In Theory, it’s All in Your Head; In Practice, it’s Seriously True

Don’t worry so much about what you do and don’t know that you get stuck inside your own head. If you spend too much time in there, you’ll end up only being able to see your own gaps; to be honest, not even postdocs and professors know exactly which direction to go in when performing research. Everyone starts out with that Swiss Cheese Syndrome, so there’s no need to be insecure about your limitations. On the first day, you may feel like a wobbly wildebeest calf in a den of watchful lions, desperate to prove you belong (and more importantly, not break anything), but in lab, everyone’s learning together. We’re all in love with science and engineering because we want to fill in those holes. So if they exist? Well, that’s perfectly normal. Don’t let it drag you down.

I can only tell you this because of what happened to me. Man, that was a rough first month. One week to get acclimated, and then – boom! – my mentor needed to visit China for some time. Almost simultaneously, the professor (PI) in charge of my lab was going to Italy, which meant that I suddenly felt alone, reading scientific literature and working on a research project I had barely wrapped my mind around.

Naturally, I got very wrapped up in my project. Oof. Mistake number one, honestly. As a research intern, you shouldn’t forget to explore your surroundings. Whether that’s something as simple as interacting with the other graduate students in your lab and asking about their projects and nascent careers in science (nothing says you can’t have more than one mentor!) or attending one of the seminars out and about on campus, there’s so much you can do to help yourself and find out what you want to do. It can be tempting to just hone in on the material your mentor has provided for you, but you shouldn’t let it consume you. My work has been completely theoretical, which means I’ve spent a lot of time sitting, thinking, and programming. That’s natural, and I’m happy with that, but I always make sure to spend some time outside so I don’t feel like I’m drowning.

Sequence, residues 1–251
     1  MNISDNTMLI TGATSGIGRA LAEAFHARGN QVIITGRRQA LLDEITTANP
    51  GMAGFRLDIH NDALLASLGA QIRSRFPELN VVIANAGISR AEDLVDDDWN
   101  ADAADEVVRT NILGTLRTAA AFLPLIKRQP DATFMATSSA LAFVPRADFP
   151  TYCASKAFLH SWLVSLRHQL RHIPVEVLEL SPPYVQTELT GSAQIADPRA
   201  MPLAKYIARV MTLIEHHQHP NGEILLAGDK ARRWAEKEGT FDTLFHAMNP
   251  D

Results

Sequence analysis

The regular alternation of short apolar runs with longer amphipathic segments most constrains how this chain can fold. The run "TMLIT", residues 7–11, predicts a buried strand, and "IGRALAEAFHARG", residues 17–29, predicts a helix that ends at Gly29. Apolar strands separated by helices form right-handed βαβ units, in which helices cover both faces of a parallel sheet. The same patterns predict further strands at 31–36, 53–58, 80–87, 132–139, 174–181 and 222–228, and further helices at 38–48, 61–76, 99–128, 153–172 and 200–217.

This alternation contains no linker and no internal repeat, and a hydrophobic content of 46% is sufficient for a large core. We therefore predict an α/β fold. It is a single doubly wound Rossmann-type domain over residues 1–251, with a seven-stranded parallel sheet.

Frankly, you’ll never really know what research field will capture your interest. This summer, I’ve been working in a lab in the mechanical engineering department. I’m a math major. When people think of engineering labs, they envision robots being built, or new materials being manufactured. In my case, I was working on testing and developing algorithms. It’s been much more theoretical than anything I’ve ever associated with engineering, but I’ve come to really enjoy it. And that is so much more important than you could imagine. You’re going to be working with people who’ve already dedicated themselves to a sector of science. Most likely, they’ve already discovered their passion. In that environment, it can feel awkward and discouraging if you realize that you don’t have the same connection to the work. In your head, you may even feel that something is wrong with you. Don’t let yourself feel that way. If you feel frustrated, talk to your mentor and PI. They’re here to guide you, you’re not here to serve them. They can open the world to research. You just have to find out where you want to go.

Unfortunately, if you’re looking or preparing to work in a lab in the Computer Science or Electrical Engineering department, or another department with close ties to the technology sector, it can be fairly common for the lab to be fairly empty during the summer, as professors leave for international conferences or meetings and graduate students take off on internships of their own. Make sure to talk with your mentor and devise a plan beforehand!

Yash Chitgopekar

Yash is an incoming second year CCS Math major at UCSB who is currently working in the Bullo Lab on Markov Chain-based decision making algorithms for applications in robotic surveillance. In his down time, he loves to play soccer and read french novels.